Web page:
Consultation on the Dept. of Peace Bill
As part of its annual general meeting, the Canadian Department of Peace Initiative held the last of its public consultations on the creation of a Department of Peace.
The meeting which took place at St. Paul University in Ottawa featured a panel of five commissioners and interventions from the public. (It was especially interesting for me to attend since the discussions centered around my Private Members Bill C-373, An Act to Establish a Department of Peace.
The first speaker, Paul Dewar (NDP Foreign Affairs critic) spoke about how the conflict where 5 million have died in the Congo has been largely ignored by the world. He emphasized how Canada should be taking the lead to try and bring an end to this conflict. Paul also mentioned that a Department of Peace could play a major role in abolishing nuclear arms and that Ottawa could play a major role towards a nuclear convention. Canada has a history of bringing people together and needs to be front and centre as a partner for peace.
The next speaker Dave Farthing, Director of YouCan (Youth) described how his organization trains young people to resolve conflicts. He stated that a Department of Peace could pull all those initiatives together and that youth could help other youth who had been drawn into violence.
Steve Staples, President of the Rideau Institute, talked about how Remembrance Day appears to be changing in Canada.
Often, our ceremonies talk about military history and victories rather than concentrating on a need for peace as we pay respect and tribute to our fallen. Steven mentioned a poll in which those in the 18-30 age group were asked what Remembrance Day meant to them.
Seventy-one per cent stated that remembering those soldiers who gave their lives was most important, but when asked what was more important, history or remembering peace, two out of three stated peace.
Dennis Gruending, journalist and former MP, talked about the peace initiative as a communications challenge and the fact that “big ideas” are what create history. He gave as examples the fact that the right for women to vote as well as public health care started as ideas. Dennis outlined that peace building is not a dirty word in Canada and that it is ironic that those who promote wars are called “realists” where those who promote peace are called “idealists.”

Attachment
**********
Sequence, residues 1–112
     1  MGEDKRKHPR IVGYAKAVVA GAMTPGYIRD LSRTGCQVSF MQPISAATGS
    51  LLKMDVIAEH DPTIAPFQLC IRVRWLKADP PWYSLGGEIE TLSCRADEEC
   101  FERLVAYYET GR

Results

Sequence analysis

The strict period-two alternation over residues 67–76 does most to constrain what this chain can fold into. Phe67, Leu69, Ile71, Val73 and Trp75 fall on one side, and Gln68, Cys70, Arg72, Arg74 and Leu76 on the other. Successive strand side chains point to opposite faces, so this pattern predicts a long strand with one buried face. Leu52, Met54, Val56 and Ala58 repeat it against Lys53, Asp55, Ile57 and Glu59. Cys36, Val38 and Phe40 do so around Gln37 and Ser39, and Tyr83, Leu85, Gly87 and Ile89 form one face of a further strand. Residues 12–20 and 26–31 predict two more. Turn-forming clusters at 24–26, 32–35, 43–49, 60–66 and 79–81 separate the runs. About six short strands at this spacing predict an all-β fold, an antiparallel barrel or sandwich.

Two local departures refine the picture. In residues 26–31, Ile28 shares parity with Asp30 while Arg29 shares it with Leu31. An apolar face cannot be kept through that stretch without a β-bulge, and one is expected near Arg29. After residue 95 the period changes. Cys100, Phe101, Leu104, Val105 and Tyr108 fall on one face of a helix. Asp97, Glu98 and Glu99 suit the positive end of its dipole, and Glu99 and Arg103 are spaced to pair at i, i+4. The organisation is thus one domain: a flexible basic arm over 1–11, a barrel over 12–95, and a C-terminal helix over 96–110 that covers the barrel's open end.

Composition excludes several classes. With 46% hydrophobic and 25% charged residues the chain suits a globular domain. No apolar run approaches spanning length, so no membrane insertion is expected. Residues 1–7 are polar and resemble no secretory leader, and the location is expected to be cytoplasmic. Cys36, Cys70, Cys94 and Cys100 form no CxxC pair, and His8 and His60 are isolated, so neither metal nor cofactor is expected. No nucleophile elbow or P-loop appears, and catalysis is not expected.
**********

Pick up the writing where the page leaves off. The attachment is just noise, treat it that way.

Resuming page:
The final speaker of the day was Nicole Charron, a professional mediator who works in conflict resolution. She talked about how Canadian companies are complicit in the Congo tragedy and how rape has become an instrument of war. Nicole stated that in spite of the fact that Canada is considered a safe country, we do have this “illusion of security” that we are safe.
She asked where in Canada do we have a space to create a mindset of peace and concluded by stating that instead of a love of power, what the world needs is the power of love.
I had a chance over the weekend to spend some time with those who have spent many years in the promotion of peace.
The creation of a culture of peace or a Department of Peace does not mean that we do away with our Department of National Defence or our Armed Forces. I believe that Canada should have an effective well-trained military. However, we the citizens of Canada should have a say what role our Armed Forces should be playing.
A Minister of Peace could work very well with the Minister of Defence and Foreign Affairs to coordinate an approach to various situations. For example, here is an example of our recent history where a Canadian Department of Peace could have played an active role. According to Graeme MacQueen of McMaster Peace Studies Centre, their organization sought funding to work in Afghanistan through the 1990s when the Soviets had retreated and people needed and wanted help from the West to rebuild. We all know what kind of a priority it became and the toll it took on our country. Had there been a Department of Peace at that time, maybe, just maybe, history would have taken a different course.